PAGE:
I had hoped to start the weekend off by catching the "Naked Cabaret" performance at the Warehouse, but their final shows were unexpectedly cancelled. I was greatly disappointed to miss it, as I'm sure Steve Cupo and his gang were putting on a good show (fully dressed, the title refers to emotional nudity).
Saturday night, I caught the wonderfully wacky Ray Ficca in "The Jungle Book" at Imagination Stage in Bethesda. The story is familiar to anyone who grew up in the sixties, since the Disney cartoon was a classic. (Nobody actually reads Kipling anymore, do they?) This version was a more academic, less overly comical approach, and even livewire Ray, as the villainous tiger Shere Khan, was more subdued than in other, more comic pieces. I appreciated the fact that director Kate Bryer chose a costuming concept which allowed the actors to be seen, rather than be hidden by Animal Wear. The house was full to the brim with kids and parents, who eagerly joined in the audience participatory moments in the piece.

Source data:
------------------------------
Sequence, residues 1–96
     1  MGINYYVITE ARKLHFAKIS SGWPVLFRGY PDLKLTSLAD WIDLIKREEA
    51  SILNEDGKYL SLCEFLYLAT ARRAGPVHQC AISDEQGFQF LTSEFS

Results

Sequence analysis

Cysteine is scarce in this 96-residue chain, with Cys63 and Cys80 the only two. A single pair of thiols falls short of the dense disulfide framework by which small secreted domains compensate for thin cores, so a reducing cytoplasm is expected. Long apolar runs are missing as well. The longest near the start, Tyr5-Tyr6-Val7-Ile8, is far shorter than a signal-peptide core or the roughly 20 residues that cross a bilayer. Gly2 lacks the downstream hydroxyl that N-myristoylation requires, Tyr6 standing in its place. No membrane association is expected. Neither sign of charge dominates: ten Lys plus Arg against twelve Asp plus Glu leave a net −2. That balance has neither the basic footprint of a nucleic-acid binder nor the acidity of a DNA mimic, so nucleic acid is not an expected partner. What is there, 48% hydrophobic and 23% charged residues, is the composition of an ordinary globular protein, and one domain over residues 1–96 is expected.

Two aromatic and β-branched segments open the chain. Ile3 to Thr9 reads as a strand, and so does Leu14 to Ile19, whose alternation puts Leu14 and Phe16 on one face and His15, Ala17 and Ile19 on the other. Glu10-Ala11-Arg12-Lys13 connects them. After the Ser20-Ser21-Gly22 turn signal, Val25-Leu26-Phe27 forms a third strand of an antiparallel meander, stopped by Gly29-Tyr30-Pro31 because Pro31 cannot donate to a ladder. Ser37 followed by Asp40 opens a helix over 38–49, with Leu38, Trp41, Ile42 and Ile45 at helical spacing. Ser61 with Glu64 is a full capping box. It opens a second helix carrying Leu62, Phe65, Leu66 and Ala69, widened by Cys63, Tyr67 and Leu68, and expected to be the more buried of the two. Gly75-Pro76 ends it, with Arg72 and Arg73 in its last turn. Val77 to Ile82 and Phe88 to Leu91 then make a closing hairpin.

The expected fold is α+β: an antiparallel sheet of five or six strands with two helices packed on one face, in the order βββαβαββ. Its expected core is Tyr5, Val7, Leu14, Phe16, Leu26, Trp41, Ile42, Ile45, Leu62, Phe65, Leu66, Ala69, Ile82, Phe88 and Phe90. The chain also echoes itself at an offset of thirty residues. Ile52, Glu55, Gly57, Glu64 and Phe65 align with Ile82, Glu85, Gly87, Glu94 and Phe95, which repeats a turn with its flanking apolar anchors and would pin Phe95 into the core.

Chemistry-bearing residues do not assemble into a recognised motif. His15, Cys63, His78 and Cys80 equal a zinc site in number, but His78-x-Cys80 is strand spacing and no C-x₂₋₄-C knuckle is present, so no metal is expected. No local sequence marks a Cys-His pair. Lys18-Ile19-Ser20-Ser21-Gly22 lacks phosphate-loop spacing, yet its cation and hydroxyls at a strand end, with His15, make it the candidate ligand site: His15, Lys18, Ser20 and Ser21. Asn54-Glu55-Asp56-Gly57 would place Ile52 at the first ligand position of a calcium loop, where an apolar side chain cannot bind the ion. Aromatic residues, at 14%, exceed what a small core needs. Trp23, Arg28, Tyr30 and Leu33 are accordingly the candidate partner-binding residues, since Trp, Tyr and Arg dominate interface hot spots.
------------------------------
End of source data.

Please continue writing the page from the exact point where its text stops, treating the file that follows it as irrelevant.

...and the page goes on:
Sunday afternoon I made the schlep out to Front Royal, VA, to catch the world premiere offered by Wayside Theatre in their temporary home: "Shadow of the Raven: The Stories of Edgar Allen Poe." This new piece is very much a hybrid, with lots of laughs and even a puppet show which goes terribly wrong (Punch decapitates Judy). It also aims for some frights, turning a bit Gothic in Act II. The action throughout is interspersed with music and song, the whole thing springing from one of Wayside's longtime artistes, Steve Przybylski (I wouldn't venture to pronounce that last name without coaching). I'm not qualified to judge music, but I particularly enjoyed the goofy round-robin among the characters, as they each sang Poe's poem "Annabel Lee" to the tune of a different popular song. I also enjoyed the presence of the writer / composer himself onstage, dressed as Harpo Marx and occasionally insinuating himself into the action. The whole piece is held together by the solid performance of my buddy Larry Dalke, ably supported by Vaughn Irving, both of whom I worked with in "Black Coffee" a year ago. Vaughn enthusiastically made the most of what is largely a reactive role. (And his Punch-and-Judy Snuff Puppet Show is pretty funny.)
I've already written about the temporary digs the Wayside folks have fashioned out of an industrial building, and I was impressed again by the roominess and the landscaped charm of the place. I just hope their audiences follow them to Front Royal...